His impact on the realms of psychology and architecture have really been quite minimal. I fully expect the impact on Atheism will also be minimal – so don’t burn too many brain cells over him.

    However, there is a point on which I would agree with him. Looking at modern society rituals and traditions have been abandoned or significantly eroded. It’s a symptom of loss of community. Religions by and large have been one of the few remaining providers of such services (pun not intended). As such I think there is a small issue on which Alain is correct, that is: attending annual communal events (such as say, the reason rally) does have value for society at large and for the individual attending. I think this is not a new point and is well understood within the Atheist ‘Community’ of Austin – but perhaps not well articulated elsewhere.

    It’s a very thin premise on which to base an entire book.

  43. says

    (From your site post) – What does religion do right that we might be able to learn from? – the Friendly Atheist asks while accusing us of ignoring de Botton’s points.

    You’re not getting it either. It’s begging the question that religion is where we’d learn it from. It’s assuming that we don’t already know these things.

    Religion is the most prolific plagiarizer in existence. The point is that anything that we could “learn” from religion was already understood before religion claimed credit for it.

    This includes everything from morality, to tradition (or “Ritual”), to sitting somewhere quietly and thinking about things.

    Everything.

    I’d say the only thing that we can learn from religion is how to make up fantasy stories, but they rarely do that very well either.

  44. says

    If you actually read through the responses here, you’d notice a common theme.

    Those things de Botton says we don’t/can’t have – we do.

    ..and we don’t need to get them from religion – therefore this whole discussion is actually fairly moot of what we can glean from religion.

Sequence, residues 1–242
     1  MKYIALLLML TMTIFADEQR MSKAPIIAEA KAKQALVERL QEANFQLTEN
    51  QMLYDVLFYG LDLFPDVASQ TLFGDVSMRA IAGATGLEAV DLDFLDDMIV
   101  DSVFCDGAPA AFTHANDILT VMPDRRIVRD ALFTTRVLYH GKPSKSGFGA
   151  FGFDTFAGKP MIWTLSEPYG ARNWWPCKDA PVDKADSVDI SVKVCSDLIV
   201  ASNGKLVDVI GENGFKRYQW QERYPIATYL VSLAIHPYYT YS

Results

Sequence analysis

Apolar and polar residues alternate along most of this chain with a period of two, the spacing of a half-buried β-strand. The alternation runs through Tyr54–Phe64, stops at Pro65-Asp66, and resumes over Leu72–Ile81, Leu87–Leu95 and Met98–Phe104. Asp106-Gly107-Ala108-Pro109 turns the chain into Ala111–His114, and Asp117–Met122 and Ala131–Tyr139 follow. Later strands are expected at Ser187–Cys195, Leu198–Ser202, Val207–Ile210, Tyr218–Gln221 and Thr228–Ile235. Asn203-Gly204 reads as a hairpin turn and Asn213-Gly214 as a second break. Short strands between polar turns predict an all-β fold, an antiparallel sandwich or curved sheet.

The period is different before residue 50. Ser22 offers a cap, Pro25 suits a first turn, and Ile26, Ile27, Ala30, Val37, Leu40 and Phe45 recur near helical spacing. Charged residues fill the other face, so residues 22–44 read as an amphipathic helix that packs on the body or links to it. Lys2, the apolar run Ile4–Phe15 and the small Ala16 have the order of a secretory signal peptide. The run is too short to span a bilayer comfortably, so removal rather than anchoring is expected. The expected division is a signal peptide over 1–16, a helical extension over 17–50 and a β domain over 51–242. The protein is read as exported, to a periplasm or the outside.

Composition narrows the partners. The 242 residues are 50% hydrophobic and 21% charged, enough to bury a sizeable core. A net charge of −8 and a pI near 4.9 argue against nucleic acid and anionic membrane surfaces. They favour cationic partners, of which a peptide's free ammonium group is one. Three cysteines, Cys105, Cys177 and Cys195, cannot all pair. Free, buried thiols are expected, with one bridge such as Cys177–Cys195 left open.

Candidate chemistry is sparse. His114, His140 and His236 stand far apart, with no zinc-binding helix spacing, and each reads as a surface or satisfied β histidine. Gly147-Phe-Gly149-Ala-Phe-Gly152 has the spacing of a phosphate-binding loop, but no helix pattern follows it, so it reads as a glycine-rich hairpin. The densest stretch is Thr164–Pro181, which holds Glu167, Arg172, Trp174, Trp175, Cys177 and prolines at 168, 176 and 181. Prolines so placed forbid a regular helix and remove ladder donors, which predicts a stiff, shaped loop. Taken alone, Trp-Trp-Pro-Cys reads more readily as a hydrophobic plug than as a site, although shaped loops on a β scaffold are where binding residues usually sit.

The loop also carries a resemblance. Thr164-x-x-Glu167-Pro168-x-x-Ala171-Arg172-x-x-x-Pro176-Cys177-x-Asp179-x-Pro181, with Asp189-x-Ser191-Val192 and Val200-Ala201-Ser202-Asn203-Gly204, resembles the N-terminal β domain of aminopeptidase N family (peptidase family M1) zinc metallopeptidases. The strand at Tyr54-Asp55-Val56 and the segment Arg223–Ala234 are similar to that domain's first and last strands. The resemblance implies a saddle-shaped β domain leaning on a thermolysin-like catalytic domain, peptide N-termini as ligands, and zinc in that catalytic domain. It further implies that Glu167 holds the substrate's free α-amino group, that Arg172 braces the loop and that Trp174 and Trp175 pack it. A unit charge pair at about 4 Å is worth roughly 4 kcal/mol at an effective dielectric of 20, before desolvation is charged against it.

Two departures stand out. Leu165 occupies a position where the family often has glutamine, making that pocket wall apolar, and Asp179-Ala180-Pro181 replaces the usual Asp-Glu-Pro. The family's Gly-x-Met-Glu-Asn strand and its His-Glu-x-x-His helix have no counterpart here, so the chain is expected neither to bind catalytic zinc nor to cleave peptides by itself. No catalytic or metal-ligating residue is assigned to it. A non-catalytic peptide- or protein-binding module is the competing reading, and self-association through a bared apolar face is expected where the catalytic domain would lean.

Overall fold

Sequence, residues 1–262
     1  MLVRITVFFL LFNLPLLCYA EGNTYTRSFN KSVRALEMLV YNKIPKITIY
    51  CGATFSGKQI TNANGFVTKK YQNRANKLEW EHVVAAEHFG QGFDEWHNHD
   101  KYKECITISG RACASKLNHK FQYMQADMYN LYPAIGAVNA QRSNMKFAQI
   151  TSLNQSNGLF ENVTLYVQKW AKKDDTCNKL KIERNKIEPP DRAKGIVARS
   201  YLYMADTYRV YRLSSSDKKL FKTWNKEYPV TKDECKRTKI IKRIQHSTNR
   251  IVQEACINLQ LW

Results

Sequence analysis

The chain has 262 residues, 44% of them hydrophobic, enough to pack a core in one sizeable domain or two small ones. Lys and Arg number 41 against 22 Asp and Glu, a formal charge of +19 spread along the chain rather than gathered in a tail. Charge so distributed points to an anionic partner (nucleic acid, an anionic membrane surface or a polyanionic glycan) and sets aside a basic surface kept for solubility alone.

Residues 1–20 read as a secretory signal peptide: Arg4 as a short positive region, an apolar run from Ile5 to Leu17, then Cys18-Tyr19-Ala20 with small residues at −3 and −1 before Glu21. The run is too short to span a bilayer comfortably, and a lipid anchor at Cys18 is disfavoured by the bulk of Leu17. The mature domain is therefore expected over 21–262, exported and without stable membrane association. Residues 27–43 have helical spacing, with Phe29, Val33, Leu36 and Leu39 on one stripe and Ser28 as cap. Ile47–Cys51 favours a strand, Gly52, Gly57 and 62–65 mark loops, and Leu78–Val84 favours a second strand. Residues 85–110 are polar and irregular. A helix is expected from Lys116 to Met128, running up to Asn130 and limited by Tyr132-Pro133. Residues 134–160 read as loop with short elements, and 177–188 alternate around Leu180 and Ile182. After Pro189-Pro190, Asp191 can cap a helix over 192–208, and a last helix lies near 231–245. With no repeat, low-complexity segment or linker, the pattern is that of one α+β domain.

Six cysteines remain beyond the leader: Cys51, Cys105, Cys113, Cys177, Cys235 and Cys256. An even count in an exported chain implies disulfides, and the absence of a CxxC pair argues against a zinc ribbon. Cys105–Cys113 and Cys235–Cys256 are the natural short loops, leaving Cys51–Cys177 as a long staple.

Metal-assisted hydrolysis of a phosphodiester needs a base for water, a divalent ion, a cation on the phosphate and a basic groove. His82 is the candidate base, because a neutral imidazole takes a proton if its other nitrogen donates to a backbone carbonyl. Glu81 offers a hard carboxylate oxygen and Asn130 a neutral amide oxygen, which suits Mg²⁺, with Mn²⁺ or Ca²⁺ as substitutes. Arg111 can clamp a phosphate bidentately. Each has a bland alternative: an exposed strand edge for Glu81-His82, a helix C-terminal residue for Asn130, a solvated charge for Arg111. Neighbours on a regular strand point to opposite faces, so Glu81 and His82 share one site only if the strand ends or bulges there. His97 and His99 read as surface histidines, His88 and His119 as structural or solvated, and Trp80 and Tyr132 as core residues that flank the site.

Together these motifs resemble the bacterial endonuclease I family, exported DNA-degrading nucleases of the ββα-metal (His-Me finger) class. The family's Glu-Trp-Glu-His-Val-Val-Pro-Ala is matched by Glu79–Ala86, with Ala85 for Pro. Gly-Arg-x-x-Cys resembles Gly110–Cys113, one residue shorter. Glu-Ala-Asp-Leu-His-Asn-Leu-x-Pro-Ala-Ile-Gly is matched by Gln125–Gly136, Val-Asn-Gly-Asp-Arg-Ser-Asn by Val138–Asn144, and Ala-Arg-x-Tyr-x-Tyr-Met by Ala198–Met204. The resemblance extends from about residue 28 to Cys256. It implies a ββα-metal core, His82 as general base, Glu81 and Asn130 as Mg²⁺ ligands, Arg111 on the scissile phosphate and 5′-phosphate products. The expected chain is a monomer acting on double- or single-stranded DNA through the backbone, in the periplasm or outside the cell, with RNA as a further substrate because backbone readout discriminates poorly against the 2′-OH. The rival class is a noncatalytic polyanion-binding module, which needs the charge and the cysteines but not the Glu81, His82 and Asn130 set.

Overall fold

45. NuMad says

    They’ll call you names or take your statements far more literally than you intended so that you’re thoroughly humiliated in front of people who will never read your works for themselves.

    I think it would be really difficult to take de Botton more literally that he intends to be about his whole “temple” business. He seems to be literally literal about it. He seems to have made it about the word itself! For every function of a temple, there exists a secular building that fulfills it? No matter, for some reason it’s a big problem that they’re not called temples.

    So lets build something just for the privilege of calling it a temple.

    Never has anyone, other than babies, been so fascinated with empty boxes.

  46. Kazim says

    Correct, it is automatic every time someone links to us. It does have to pass moderation though, as this is another common search engine stealing technique.

  47. davidct says

    Some people have called impressive buildings on our universities, Temples to Learning. Did god build them? No I thought not. They are generally busy places not empty boxes. Sorry Cats !

  48. says

    You are so right.

    Even though we agree that he’s wrong, I really should be concerned about what wisdom I can learn from his wrongness so that my life isn’t so bleak.